It’s 2016 and we’re officially in the future. Considering non-stop innovations in technology, it seems as if the information overload in this age isn’t minimizing and data-driven journalism will never leave. These days, every genre of journalism has a role in scooping up the current state of our ever-changing society.
Living in a data driven world, its important to filter and visualize what the human eye can’t easily recognize. The use of data journalism, which refers to the use of data to write stories, has significantly increased within recent years. While adding value to traditional journalism practices, Briggs asserts that data-driven journalism are a part of a variety of tools that are valuable for making sense of the abundance of information that are looming in our everyday lives.
Organizational tools are vital and the first step in helping to keep track of important files. To get started on filtering the overflowing pool of data around us, Briggs recommends organizing aspects of personal life such as one’s contacts, to-do lists and emails. This can help streamline our professional lives. If you’re naturally a bit organized, he mentions creating spreadsheets for something you want to track job opportunities, books and even video games. Starting with an organized personal life could lead to a better career life, bringing order to your work.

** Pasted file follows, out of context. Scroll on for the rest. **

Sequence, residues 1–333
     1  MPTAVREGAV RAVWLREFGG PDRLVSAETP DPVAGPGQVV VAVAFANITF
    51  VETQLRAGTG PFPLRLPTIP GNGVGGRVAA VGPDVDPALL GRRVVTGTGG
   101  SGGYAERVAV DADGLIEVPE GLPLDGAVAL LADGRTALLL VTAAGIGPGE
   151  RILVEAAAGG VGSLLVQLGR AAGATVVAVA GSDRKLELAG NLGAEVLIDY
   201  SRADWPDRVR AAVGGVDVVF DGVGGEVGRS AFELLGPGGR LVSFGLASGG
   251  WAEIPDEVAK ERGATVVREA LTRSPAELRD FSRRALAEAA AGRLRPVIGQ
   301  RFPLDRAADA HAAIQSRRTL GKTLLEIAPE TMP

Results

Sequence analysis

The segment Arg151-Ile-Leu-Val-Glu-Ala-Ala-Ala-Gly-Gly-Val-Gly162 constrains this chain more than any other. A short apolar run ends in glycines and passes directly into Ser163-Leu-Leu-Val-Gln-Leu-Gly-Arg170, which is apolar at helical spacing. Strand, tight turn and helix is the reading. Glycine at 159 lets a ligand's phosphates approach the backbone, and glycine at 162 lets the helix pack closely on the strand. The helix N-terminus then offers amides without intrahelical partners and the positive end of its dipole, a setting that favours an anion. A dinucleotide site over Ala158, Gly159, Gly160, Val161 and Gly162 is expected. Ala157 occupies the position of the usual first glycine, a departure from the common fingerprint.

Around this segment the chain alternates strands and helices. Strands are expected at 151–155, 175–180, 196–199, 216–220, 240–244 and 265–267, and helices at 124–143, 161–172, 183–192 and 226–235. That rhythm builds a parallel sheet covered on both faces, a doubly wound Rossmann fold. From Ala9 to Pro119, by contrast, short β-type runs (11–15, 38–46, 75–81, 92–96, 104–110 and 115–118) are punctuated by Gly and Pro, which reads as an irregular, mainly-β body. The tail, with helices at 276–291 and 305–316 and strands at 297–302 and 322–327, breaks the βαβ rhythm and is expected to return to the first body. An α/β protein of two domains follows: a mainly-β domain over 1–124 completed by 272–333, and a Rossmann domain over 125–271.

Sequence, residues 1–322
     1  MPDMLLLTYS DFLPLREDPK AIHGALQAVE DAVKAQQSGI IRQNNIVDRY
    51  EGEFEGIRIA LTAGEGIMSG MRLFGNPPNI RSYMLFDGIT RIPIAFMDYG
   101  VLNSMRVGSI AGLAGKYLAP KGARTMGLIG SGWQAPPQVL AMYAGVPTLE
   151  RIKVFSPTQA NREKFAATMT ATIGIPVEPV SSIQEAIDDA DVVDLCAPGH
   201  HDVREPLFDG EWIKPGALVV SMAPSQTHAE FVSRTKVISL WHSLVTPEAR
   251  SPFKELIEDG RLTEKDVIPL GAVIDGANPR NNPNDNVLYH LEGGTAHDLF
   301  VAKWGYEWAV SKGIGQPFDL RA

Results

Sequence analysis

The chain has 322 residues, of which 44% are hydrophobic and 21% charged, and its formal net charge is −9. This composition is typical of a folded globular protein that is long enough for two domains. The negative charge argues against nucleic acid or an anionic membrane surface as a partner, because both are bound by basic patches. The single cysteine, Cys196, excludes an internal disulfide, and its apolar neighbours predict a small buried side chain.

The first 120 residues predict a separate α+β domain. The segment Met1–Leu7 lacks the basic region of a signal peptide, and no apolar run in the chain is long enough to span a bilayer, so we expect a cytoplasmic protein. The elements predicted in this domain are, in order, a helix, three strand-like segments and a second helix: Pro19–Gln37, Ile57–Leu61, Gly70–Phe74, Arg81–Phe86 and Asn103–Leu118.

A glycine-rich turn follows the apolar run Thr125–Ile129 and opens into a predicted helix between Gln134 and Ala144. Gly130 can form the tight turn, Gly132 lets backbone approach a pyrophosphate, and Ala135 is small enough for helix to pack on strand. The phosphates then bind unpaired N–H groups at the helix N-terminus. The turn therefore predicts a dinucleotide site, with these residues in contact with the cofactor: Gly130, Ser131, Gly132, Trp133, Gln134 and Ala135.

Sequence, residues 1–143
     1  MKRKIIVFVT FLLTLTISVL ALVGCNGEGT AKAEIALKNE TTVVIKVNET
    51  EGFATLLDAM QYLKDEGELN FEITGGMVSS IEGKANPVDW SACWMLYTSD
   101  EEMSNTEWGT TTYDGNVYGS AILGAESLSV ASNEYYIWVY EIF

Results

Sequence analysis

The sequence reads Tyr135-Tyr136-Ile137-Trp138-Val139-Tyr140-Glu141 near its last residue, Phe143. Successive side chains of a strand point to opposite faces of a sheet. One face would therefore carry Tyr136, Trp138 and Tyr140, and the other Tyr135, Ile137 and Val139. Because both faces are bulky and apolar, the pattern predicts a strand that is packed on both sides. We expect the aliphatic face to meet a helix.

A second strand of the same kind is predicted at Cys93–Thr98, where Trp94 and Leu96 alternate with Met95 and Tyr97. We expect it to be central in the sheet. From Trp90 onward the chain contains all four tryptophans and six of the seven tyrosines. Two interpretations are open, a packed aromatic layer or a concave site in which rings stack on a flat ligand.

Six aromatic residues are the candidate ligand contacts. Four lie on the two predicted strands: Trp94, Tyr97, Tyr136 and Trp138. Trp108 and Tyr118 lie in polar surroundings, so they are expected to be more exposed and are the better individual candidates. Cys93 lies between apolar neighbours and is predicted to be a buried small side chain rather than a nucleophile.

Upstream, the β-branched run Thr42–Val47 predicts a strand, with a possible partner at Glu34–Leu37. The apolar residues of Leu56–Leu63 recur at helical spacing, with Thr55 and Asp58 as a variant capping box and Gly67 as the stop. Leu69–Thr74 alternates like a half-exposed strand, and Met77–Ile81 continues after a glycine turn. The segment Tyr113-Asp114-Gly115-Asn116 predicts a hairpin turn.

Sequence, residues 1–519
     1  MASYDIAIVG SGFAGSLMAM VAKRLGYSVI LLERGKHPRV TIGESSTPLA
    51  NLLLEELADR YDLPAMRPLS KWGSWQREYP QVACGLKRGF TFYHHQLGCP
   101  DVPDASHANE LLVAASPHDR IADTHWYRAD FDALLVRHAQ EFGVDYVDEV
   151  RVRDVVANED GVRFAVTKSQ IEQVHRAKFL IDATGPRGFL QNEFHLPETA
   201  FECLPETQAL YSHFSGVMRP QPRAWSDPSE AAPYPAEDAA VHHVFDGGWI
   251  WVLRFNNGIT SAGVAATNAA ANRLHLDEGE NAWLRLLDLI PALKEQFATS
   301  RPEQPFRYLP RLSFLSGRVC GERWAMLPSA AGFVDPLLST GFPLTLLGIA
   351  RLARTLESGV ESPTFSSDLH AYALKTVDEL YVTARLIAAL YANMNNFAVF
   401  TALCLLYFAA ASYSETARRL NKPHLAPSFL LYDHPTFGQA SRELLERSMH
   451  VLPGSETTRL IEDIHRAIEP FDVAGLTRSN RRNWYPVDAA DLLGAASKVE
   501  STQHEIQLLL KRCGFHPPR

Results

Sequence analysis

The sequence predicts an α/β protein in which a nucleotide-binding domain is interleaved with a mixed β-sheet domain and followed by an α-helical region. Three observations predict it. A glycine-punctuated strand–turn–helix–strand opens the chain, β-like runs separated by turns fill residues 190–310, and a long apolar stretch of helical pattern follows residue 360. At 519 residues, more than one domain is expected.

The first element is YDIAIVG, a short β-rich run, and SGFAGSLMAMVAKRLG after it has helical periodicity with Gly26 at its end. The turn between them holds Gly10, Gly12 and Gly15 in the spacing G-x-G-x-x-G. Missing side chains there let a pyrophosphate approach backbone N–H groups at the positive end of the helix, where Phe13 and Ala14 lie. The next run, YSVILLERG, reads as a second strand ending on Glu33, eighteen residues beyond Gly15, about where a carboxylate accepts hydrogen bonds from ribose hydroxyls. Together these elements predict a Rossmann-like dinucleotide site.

On a professional note, Briggs notes how data journalism can be effective in helping journalists tell their stories by allowing audiences to make sense of subjects with broad contexts. Charts, polls and other forms of info-graphics are commonly used to illustrate a point that is aesthetically engaging and less emotionally charged than other forms of storytelling such as still photography. For example, in breaking news stories data journalism is important in staying on top of the latest stories.
Exploring local issues through numbers isn’t a fad that is fairly new. In a society where numbers have always been trusted, data has always played a role in the process of curating a story. Now that the internet has changed journalism, the nature of news-gathering has evolved and we must recognize and adjust to these changes.